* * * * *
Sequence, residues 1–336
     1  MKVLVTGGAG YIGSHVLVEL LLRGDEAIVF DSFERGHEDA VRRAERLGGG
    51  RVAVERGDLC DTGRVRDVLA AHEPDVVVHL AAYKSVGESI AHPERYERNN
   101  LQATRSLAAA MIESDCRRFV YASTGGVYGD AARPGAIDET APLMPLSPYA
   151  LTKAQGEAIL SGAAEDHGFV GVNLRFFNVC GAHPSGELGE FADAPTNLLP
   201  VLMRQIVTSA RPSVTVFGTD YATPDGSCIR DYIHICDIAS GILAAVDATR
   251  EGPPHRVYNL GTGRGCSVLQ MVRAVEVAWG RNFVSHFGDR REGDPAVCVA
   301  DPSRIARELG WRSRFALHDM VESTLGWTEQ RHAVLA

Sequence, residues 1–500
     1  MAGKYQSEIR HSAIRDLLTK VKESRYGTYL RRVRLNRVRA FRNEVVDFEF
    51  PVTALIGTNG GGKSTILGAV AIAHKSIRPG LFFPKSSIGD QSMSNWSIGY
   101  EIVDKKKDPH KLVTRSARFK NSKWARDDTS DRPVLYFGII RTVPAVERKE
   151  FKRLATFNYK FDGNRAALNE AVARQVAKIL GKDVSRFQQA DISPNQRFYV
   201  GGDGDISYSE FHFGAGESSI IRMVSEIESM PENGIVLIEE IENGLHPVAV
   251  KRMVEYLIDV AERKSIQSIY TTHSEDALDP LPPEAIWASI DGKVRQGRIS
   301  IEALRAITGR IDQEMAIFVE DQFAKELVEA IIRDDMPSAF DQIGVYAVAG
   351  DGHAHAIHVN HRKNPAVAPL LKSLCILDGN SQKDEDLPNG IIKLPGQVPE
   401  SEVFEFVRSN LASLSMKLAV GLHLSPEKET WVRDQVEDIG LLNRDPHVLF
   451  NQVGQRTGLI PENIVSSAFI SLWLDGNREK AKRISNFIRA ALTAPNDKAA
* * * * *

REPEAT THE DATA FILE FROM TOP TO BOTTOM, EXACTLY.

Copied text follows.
Sequence, residues 1–336
     1  MKVLVTGGAG YIGSHVLVEL LLRGDEAIVF DSFERGHEDA VRRAERLGGG
    51  RVAVERGDLC DTGRVRDVLA AHEPDVVVHL AAYKSVGESI AHPERYERNN
   101  LQATRSLAAA MIESDCRRFV YASTGGVYGD AARPGAIDET APLMPLSPYA
   151  LTKAQGEAIL SGAAEDHGFV GVNLRFFNVC GAHPSGELGE FADAPTNLLP
   201  VLMRQIVTSA RPSVTVFGTD YATPDGSCIR DYIHICDIAS GILAAVDATR
   251  EGPPHRVYNL GTGRGCSVLQ MVRAVEVAWG RNFVSHFGDR REGDPAVCVA
   301  DPSRIARELG WRSRFALHDM VESTLGWTEQ RHAVLA

Sequence, residues 1–500
     1  MAGKYQSEIR HSAIRDLLTK VKESRYGTYL RRVRLNRVRA FRNEVVDFEF
    51  PVTALIGTNG GGKSTILGAV AIAHKSIRPG LFFPKSSIGD QSMSNWSIGY
   101  EIVDKKKDPH KLVTRSARFK NSKWARDDTS DRPVLYFGII RTVPAVERKE
   151  FKRLATFNYK FDGNRAALNE AVARQVAKIL GKDVSRFQQA DISPNQRFYV
   201  GGDGDISYSE FHFGAGESSI IRMVSEIESM PENGIVLIEE IENGLHPVAV
   251  KRMVEYLIDV AERKSIQSIY TTHSEDALDP LPPEAIWASI DGKVRQGRIS
   301  IEALRAITGR IDQEMAIFVE DQFAKELVEA IIRDDMPSAF DQIGVYAVAG
   351  DGHAHAIHVN HRKNPAVAPL LKSLCILDGN SQKDEDLPNG IIKLPGQVPE
   401  SEVFEFVRSN LASLSMKLAV GLHLSPEKET WVRDQVEDIG LLNRDPHVLF
   451  NQVGQRTGLI PENIVSSAFI SLWLDGNREK AKRISNFIRA ALTAPNDKAA